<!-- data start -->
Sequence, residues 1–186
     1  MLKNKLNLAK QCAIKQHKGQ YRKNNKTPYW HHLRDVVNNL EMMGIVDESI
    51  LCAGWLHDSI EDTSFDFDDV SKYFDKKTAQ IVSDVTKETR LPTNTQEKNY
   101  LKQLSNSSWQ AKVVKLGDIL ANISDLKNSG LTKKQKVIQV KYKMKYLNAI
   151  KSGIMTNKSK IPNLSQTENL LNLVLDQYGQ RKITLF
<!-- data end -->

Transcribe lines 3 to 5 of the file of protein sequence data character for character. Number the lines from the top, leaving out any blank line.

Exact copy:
    51  LCAGWLHDSI EDTSFDFDDV SKYFDKKTAQ IVSDVTKETR LPTNTQEKNY
   101  LKQLSNSSWQ AKVVKLGDIL ANISDLKNSG LTKKQKVIQV KYKMKYLNAI
   151  KSGIMTNKSK IPNLSQTENL LNLVLDQYGQ RKITLF